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Metromania idem Cassius felix proprio capitulo prefocatio matricis quasi mania matricis Theodorus Priscianus vero stericam spingam vocat.


Felix om. efjp
proprio capitulo | c. p. ms. f vero | uera B
spingam ABC fjp | spigna ms. e


Metromania, is the word the same {previously mentioned author} Cassius Felix uses in the pertinent chapter: prefocatio matricis {"suffocation of the womb"}, which is like a 'raving of the womb'. But Theodorus Priscianus calls it sterica spinga.


μητρομανία /mētromanía/ "hysteria", is a compound noun made up of μητρο- /mētro-/ "womb" + μανία /manía/ "madness, rage". The word only occurs in Cassius Felix and Theodorus Priscianus.

In Cassius Felix's De medicina the word does not, as stated by Simon, occur in chapter 77. Ad praefocationem matricis {"On the suffocation of the womb"}, but in the modern editions in the unusually short chapter 79. Ad metromaniam, which Cassius translates into Latin as matricis furores "ravings of the womb", ed. Fraisse (2001: 214). This text is also available online in the Rose edition (1879: 191) [[1]].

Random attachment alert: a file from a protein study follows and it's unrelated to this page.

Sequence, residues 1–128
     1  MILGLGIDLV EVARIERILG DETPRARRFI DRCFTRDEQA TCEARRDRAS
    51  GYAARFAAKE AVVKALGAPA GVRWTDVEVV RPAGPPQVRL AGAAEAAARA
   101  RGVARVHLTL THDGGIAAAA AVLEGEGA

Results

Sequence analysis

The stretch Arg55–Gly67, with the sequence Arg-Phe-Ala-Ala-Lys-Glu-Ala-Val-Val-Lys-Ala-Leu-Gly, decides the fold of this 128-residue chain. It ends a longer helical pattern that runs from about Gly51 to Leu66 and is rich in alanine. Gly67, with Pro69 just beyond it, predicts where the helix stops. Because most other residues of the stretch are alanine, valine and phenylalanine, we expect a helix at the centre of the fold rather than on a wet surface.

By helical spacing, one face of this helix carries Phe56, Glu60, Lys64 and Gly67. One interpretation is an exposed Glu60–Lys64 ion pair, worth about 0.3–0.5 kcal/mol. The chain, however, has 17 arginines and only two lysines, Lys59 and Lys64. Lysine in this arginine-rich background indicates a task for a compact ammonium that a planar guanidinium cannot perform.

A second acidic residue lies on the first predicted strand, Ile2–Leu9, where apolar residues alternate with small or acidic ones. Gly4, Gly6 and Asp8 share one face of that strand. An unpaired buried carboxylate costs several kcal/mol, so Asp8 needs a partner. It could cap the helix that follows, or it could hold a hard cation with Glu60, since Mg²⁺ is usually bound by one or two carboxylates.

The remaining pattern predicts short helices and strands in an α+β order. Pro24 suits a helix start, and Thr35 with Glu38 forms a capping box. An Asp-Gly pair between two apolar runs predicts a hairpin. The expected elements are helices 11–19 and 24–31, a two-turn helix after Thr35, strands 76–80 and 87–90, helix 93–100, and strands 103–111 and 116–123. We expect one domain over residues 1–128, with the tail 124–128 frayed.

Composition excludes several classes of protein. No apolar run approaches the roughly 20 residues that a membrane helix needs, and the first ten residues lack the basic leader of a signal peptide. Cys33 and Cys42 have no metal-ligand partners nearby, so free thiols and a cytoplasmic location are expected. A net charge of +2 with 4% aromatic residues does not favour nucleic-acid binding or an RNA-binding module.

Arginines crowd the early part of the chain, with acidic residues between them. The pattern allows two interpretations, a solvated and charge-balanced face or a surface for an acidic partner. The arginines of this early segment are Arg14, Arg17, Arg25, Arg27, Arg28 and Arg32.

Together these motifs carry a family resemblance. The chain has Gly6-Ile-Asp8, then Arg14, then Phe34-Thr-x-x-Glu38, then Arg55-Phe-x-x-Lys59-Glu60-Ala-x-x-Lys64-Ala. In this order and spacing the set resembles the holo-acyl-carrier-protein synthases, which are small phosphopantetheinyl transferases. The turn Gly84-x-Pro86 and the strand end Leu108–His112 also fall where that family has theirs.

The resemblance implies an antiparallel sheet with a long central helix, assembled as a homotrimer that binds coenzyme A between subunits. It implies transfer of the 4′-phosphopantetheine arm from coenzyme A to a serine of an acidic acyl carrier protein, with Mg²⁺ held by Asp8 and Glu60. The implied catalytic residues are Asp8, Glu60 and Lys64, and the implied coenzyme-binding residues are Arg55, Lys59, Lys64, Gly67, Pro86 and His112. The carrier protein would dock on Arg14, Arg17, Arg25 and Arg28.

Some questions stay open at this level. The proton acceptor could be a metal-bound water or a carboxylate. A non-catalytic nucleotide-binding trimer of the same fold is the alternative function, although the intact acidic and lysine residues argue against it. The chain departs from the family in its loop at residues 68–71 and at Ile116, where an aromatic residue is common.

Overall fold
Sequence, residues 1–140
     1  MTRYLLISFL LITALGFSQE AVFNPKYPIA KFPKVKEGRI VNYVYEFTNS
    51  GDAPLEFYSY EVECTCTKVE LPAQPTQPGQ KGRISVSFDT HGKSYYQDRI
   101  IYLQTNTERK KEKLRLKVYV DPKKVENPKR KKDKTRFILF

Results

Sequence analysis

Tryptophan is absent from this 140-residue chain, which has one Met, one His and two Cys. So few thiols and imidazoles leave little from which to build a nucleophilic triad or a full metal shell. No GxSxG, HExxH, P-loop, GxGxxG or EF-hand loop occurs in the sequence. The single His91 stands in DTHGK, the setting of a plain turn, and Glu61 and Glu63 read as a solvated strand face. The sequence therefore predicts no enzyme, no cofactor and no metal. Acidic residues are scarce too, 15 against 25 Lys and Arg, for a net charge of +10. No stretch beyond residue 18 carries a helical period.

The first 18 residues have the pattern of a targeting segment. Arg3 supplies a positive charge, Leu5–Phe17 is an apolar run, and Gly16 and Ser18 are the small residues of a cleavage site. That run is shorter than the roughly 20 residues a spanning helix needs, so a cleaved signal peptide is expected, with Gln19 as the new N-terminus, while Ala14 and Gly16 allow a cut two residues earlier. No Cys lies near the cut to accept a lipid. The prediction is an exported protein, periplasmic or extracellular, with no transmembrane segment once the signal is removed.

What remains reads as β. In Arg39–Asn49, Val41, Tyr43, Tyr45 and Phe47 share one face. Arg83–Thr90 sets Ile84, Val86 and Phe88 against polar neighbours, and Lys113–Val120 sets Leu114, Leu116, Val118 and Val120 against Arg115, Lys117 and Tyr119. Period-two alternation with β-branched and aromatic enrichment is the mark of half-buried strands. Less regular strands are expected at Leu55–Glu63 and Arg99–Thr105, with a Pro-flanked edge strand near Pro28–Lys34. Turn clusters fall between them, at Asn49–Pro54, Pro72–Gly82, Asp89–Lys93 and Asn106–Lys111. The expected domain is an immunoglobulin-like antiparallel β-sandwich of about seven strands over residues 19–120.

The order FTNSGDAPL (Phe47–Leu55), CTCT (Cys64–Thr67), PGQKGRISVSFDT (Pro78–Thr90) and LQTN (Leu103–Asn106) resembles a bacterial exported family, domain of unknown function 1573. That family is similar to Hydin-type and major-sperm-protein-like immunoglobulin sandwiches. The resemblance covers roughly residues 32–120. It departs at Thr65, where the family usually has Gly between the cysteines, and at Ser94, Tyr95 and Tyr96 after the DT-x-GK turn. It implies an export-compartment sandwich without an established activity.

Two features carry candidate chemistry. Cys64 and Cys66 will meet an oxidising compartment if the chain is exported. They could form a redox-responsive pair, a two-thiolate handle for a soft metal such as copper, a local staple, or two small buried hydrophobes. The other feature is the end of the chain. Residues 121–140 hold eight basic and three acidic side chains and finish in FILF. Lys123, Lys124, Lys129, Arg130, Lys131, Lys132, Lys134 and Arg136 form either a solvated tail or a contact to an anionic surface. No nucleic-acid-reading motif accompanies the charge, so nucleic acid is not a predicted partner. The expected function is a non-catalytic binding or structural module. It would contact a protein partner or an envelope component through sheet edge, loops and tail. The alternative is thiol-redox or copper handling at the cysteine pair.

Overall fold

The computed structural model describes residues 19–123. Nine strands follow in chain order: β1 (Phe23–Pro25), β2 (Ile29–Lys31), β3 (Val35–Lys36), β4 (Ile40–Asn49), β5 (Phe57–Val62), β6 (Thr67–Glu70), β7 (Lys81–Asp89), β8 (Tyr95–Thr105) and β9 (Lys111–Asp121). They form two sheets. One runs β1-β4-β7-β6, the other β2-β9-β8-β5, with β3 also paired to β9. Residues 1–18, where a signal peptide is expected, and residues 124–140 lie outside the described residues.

stericam spingam:
Theodorus Priscianus uses metromania as well, cf. Logicus, 11, 32, ed. Rose (1894: 130), De satyriasis vel impedimento usus {"On satyriasis or impediment in the use of the sexual organ"} [[2]]. In this chapter metromania is compared to satyriasis, but Theodorus also uses a more established Greek term: ysterica pnix.

Simon must have confused the reference to Cassius Felix with that to Theodorus' chapter II De praefocatione matricis in the latter's Gynaecia, (1894: 229), where he says: passionem in graeco opere ystericam pnigam appellamus [[3]] - "In Greek literature we call this affliction ysterice pnix {'choking of the womb'}".
Cf. Greek: ὑστερικὴ πνíξ /hysterikḕ pníx/ "suffocation of the womb". In Simon's entry an attempt is made to render the Greek acc. sg. ὑστερικὴν πνíγα /hysterikḕn pníga/. πνίξ /pníx/ means "suffocation", ὑστερική /hysterikḗ/ "relating to the womb".

Simon's form spinga shows signs of mother tongue interference from the Italian (?) scribes, where the unusual word-initial sound combination consisting of a consonant cluster + vowel: pni- is replaced by the more common pin-. The addition of a word-initial 's' remains unexplained.

WilfGunther (talk) 23/12/2013

See also: Istericepnix

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